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Tag Archives: microblogging

birds

While there has been much breathless speculation about the threat that Twitter poses to Google’s iron grip on the search market, I haven’t seen many specific ideas about how that would work. By now we all know that searching real-time content is an increasingly valuable resource for information, but its utility seems to be limited to certain kinds of information like breaking news events and consumer product reviews.  It certainly doesn’t appear to be as flexible a mechanism for locating the wide range of content that traditional search has been since the inception of the world wide web.

The most intriguing speculation that I’ve read about the future of search has been this post about the notion of ‘PageRank for People’. In essence, the idea states that the current algorithms that govern the ranking of search results are inadequate because they rely too heavily on the location of the content being listed. Since Google relies on the volume of inbound links to judge the value of content, it favors content posted in popular locations. The thing is, a piece of good content is just as valuable if it is posted to ‘Bob’s Blog’ or the ‘New York Times’. The solution that was proposed, was a system that factors the ‘reputation’ and ‘authority’ of the content’s author when ranking search results. Just how to calculate these numbers, though, is the tricky part. One answer might be Twitter.

There are two aspects of Twitter that need to be changed. Both the ‘Retweeting’ and ‘Hashtag’ behaviors need to be provided as official features of the service. That means the mechanism for these actions needs to be separated from the 140 character text string of each tweet. That is to say, we should lose the ‘RT’ syntax and make the identity of the original poster some form of metadata that exists outside the post itself. Likewise, tags like those currently labeled with hash-signs ‘#’ should be saved as metadata separate from the actual tweet. With those two changes, searching the web could become a lot more useful. Here’s how it would work:

When I publish a post to Twitter, I should have the ability to tag that post with semantically accessible identifying labels. Each post associated with a given subject (as described by the label) potentially contributes to my ‘authority’ about that subject. Now, when someone retweets my post, they are in essence endorsing what I have said and contributing to their own ‘authority’ about that subject. If there was a scoring mechanism that assigned, say, one point for each endorsement, then you’ve created a system that establishes quantitative values for ‘authority’. Imagine it this way:

tweets

For each retweet, additional points are cascaded up the tree. That way the original poster is always given the most credit for contributing the idea, but those that help propagate it are given credit as well.  Authority is defined by the community, not the individual. It should be pointed out that for each subsequent retweet, the poster will have the opportunity to revise the tagged metadata, either adding more detail, or removing labels they believe are not appropriate. That way, the system guards against abuse by so-called trend-squatting.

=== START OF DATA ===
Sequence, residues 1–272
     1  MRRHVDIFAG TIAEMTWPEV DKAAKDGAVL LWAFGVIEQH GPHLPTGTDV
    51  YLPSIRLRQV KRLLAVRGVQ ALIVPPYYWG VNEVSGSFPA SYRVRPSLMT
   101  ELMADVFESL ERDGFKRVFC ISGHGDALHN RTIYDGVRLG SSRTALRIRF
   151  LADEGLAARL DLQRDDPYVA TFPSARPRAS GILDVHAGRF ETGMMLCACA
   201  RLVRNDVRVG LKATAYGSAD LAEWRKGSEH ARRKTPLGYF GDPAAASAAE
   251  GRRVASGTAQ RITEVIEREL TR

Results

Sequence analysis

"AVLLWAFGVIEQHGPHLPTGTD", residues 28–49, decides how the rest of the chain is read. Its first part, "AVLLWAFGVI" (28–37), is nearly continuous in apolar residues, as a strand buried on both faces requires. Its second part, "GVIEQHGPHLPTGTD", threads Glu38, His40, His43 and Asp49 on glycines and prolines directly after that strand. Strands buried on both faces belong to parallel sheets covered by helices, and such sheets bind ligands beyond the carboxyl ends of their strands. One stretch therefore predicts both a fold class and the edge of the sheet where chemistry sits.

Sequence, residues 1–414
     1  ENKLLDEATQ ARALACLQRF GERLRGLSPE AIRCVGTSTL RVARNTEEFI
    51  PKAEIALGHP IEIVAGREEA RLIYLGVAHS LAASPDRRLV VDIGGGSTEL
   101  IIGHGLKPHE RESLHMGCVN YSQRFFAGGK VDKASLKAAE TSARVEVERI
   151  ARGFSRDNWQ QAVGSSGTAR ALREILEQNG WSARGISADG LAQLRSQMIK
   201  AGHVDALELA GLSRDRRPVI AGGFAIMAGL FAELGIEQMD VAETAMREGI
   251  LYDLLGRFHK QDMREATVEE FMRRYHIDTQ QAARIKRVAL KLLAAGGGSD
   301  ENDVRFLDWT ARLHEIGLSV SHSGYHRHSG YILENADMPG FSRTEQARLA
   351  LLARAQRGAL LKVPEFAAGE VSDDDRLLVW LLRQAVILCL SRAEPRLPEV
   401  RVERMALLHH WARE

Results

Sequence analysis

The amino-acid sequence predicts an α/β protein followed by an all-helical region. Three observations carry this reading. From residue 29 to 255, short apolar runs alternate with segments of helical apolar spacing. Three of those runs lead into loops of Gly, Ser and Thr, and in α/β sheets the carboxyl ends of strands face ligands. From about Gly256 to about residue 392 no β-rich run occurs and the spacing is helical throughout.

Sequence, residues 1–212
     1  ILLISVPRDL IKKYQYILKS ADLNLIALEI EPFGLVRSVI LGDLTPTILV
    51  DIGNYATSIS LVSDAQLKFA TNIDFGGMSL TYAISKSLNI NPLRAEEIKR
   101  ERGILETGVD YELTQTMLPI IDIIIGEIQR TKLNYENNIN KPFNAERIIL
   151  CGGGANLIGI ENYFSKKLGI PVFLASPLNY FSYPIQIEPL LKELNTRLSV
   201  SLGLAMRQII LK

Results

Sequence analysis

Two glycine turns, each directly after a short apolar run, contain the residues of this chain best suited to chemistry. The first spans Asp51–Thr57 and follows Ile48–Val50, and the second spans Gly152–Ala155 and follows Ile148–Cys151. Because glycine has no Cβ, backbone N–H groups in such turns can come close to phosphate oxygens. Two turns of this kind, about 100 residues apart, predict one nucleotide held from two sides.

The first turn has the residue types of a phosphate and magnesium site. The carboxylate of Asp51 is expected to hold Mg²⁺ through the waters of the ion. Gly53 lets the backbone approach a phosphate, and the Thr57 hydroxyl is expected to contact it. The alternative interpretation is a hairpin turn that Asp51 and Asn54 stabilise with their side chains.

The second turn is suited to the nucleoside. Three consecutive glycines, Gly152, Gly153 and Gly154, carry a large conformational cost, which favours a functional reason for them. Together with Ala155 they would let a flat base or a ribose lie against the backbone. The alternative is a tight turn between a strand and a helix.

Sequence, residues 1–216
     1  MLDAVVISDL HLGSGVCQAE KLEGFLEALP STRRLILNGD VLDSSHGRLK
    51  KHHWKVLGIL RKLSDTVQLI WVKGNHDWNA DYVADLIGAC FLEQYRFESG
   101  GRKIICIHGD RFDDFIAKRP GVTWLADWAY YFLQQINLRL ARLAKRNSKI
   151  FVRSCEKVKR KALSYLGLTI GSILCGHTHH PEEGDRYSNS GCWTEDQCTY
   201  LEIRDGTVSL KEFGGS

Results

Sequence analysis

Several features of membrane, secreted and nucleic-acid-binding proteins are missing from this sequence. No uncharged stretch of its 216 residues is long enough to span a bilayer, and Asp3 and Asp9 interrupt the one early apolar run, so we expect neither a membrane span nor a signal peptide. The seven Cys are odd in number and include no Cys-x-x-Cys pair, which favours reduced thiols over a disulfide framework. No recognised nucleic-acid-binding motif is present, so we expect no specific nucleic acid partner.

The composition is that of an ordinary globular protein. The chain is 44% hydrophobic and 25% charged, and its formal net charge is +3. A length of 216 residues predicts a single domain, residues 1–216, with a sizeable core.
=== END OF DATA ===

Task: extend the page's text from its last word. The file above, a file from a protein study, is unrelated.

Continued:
Now, once we start getting values assigned for Twitter users’ authority on specific topics, search engines can start factoring this in to their rankings. So, content authored by an individual with higher authority for the subject of that content are favored over others. Content authored by organizations might be scored, in part, by the collective authority of that organization’s members. It would create a tremendous upward pressure to contribute value to the community. For some industries, I imagine that one’s scores in this respect would become a factor in employment decisions or compensation levels.

Now,  what I’ve described would need to be only one part of the search ranking algorithm. As described by the original post, there are many other factors that should be considered. Additionally, the scoring mechanism described above is probably far too simplistic and vulnerable to abuse. For example, one complication that could make the system more reliable would be to consider the reputation of the endorsing party when assigning a value to the score that their retweet provides the original poster. That way, it is more valuable to get retweeted by individuals with more authority. Note that ‘authority’ as I’ve described it is an entirely separate metric from ‘popularity’, which is defined by the number of followers that a user has.

There would be many additional side-benefits of such a system. For example, much of what is posted on Twitter are links to content elsewhere on the web. A robust labeling function would turn Twitter into a tagging system for the entire semantic web.

Here is a related discussion.

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minimob

One of the lines I like to use when discussing how media is changing these days is, “The internet is punishing inefficiency.” I’ve forgotten who I lifted that line from, but I now add the following chaser: “The economic downturn is accelerating that process.” There is no doubt that the ways in which people are consuming information are changing rapidly. Newspapers are reeling, the recording industry has succumbed to the inevitable, and TV providers are getting nervous. Likewise, the industries that rely on gaming consumer attention, namely Advertising and PR, are scrambling to understand what their jobs are anymore. Part of the problem they face is that they are chasing a moving target, and no one is sure where it is headed.